Seattle federal judge has turned down efforts by both accused Nazi
war criminal Peter Egner and U.S. prosecutors for a quick resolution--a
summary judgment--of the charges against Egner, and both sides have
begun moving toward a trial, likely a historic one, set to begin
February 22. The government intends to prove that the 86-year-old
Bellevue man helped escort Jews into mobile gas chambers en route
to mass burials in Serbia in 1940, although Egner has already asked
the court to bar virtually all the government's witnesses, prosecutors
Among those Egner wants to exclude is Dr. Peter Black, a senior historian at
the Holocaust Memorial Museum in Washington, D.C. Egner thinks his
own expert's historical version of the Holocaust will suffice, and
says Black's testimony would be "duplicative." Prosecutors say any belief that experts totally agree on Holocaust history is "baseless."
Egner has denied any direct role in the mass murder
of more than 17,000 Serbian Jews, Gypsies, and political dissidents
by the Nazis' Security Police and Security Service (SPSS) during
Egner's service from 1941 to 1943.
The SPSS at times operated a mobile death unit called
the Einsatzgruppen, and more than 6,200 of the SPSS's victims from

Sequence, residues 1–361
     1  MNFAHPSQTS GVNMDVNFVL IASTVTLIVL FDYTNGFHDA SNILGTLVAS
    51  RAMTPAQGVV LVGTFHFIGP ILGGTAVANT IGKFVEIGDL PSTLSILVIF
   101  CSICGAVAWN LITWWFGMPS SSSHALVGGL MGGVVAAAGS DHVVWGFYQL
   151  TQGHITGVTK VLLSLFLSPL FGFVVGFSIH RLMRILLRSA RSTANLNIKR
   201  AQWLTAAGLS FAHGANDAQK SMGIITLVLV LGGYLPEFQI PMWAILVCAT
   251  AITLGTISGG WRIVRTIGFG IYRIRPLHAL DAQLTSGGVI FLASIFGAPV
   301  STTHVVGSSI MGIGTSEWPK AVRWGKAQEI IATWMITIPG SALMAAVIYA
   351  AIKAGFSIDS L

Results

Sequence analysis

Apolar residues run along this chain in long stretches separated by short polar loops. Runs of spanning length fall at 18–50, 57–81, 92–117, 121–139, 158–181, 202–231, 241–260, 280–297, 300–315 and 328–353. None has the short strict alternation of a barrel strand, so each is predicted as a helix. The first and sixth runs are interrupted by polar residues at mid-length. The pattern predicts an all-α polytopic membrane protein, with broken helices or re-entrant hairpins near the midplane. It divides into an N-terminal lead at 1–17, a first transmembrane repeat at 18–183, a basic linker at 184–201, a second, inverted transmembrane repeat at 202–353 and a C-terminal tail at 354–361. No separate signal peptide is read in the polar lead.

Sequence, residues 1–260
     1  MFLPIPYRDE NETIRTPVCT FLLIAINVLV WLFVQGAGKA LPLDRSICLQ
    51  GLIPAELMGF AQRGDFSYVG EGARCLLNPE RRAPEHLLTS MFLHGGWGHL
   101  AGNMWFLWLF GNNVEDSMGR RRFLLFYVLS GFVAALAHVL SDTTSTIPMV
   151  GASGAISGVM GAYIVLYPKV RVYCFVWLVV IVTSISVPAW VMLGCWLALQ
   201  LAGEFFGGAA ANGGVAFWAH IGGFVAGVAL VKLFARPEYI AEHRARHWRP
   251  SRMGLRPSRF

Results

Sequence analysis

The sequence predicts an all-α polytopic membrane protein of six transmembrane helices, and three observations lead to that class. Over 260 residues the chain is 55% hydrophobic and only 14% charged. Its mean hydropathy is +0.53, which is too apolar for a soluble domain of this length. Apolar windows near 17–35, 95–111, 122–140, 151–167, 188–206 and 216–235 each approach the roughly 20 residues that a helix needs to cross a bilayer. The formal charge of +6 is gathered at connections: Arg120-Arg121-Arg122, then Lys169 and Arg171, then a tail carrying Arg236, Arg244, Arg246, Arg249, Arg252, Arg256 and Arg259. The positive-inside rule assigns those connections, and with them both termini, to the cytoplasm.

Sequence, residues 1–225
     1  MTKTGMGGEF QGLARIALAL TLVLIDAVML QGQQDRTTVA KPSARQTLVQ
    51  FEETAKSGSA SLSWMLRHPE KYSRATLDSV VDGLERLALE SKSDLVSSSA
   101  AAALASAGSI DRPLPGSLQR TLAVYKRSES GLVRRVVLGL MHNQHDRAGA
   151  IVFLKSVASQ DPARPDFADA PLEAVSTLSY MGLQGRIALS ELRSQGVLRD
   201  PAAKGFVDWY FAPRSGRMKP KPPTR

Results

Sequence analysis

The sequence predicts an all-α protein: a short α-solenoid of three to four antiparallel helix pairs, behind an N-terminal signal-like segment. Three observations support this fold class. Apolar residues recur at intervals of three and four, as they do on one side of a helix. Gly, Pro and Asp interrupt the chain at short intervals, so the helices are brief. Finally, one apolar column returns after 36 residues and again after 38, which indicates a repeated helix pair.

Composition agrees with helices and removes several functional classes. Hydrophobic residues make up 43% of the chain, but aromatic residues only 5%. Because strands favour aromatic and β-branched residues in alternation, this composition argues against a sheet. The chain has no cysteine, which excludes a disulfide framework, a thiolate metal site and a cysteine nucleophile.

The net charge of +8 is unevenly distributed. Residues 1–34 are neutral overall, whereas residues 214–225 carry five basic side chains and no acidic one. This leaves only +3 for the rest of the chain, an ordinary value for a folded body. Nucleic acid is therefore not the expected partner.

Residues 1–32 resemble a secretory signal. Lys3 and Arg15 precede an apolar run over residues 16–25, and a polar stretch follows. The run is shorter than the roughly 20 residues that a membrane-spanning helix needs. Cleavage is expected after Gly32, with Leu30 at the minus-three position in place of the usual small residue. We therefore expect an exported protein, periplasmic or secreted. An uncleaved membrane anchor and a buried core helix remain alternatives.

Belgrade's Semlin concentration camp died after being herded into
the unit's vans--asphyxiated by piped-in exhaust as they took a funeral
ride through Belgrade's streets. They were then interred in mass
burial pits at the foot of Avala Mountain, southeast of Belgrade.
The government is attempting to denaturalize Egner
and send him back to Serbia for a war-crimes trial. Egner immigrated
to the U.S. in 1960 and applied for citizenship five years later--lying,
the government says, on his application. Egner and his wife settled
near Portland,where he worked as a hotel food-service worker, then
sold real estate. After his wife Gerda died in 2005, he moved to
Bellevue to be near relatives.
Egner has tried to keep a low profile at his Bellevue
apartment since news of the charges broke. "I try to stay out of public as much as possible," he says. "Unless it is necessary, I do not leave the retirement community in which I live." Most fellow residents "treat me kindly, but there are some who ignore me altogether."